Pakistan ranked 10th in the world in 2015 in terms of having the highest social hostilities involving religion, revealed a research by the Pew Research Centre.
Syria, Nigeria, Iraq and India make up the top four countries that saw the highest social hostilities. Pew has been publishing its annual Global Restrictions on Religion Report since 2009. For the latest report, 18 sources were used and two indices, the Government Restrictions Index and the Social Hostilities Index, were composed.
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The latter looks at hostilities between groups based on religion. 13 indicators are used to compose it. These include crimes motivated by religious hatred, mob violence related to religion, communal violence, religion-related terrorist groups, using force to prevent religious groups from operating, the harassment of women for 'violating' religious dress codes and violence over conversion or proselytising.
Pakistan ranked 10th with an index value of 7.2 on 10. India ranked 4th with an index value of 8.7 out of 10.
"[O]ne of the indicators in the Social Hostilities Index looks at whether incidents of violence occurred as a result of tensions between religious groups. In India in 2015, there were instances of attacks by Hindus on Muslims due to alleged cow slaughter, rioting after clashes between Hindus and Muslims, and mob violence involving the two groups," said lead researcher Katayoun Kishi while speaking to Huffington Post India.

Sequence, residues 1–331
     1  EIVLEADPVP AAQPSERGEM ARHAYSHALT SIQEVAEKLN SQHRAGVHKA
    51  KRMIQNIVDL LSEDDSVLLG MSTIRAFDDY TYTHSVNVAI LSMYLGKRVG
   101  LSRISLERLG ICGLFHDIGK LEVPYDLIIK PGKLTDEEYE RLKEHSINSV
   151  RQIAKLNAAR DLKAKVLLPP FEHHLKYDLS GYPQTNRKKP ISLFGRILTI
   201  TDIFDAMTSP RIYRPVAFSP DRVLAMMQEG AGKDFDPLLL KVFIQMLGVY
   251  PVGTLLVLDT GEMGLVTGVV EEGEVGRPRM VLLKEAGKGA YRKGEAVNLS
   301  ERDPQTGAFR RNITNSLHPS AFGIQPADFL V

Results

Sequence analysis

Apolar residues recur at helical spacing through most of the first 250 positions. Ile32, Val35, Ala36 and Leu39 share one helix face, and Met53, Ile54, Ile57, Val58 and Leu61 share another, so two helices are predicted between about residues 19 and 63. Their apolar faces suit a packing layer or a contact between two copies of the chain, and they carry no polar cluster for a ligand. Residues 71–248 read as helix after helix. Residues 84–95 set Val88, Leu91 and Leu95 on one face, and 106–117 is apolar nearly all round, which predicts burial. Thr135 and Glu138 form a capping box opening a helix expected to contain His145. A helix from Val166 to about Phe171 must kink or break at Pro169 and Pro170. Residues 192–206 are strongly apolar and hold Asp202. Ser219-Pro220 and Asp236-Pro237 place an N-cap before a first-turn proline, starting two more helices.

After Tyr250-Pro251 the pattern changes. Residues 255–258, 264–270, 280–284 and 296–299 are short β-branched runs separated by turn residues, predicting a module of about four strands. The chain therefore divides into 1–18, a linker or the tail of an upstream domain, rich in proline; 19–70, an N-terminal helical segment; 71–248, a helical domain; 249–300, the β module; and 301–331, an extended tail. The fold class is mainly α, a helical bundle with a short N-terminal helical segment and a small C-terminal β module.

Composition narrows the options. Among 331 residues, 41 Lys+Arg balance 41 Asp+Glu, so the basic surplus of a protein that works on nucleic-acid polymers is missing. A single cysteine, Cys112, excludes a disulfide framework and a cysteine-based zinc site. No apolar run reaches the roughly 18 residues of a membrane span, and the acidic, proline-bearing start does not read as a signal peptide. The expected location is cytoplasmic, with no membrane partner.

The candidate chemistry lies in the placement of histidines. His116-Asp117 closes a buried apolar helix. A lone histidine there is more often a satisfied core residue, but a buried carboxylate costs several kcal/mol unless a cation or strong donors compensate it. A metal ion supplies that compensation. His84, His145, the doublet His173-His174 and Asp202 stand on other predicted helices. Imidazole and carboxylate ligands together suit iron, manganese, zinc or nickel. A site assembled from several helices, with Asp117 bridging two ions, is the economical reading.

Government restrictions on religion and social hostilities involving religion have increased for the first time in three years.
The global rise in social hostilities reflected a number of factors, including increases in mob violence related to religion, individuals being assaulted or displaced due to their faith, and incidents where violence was used to enforce religious norms," Pew said.
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This surge was also linked to use of force by governments against religious groups.
Hostilities towards Muslims in particular have increased considerably. In 2015, 32 countries in Europe saw social hostilities towards Muslims. Hostilities against Jews in Europe remained common with a reported 33 countries.
This story originally appeared on Huffington Post India
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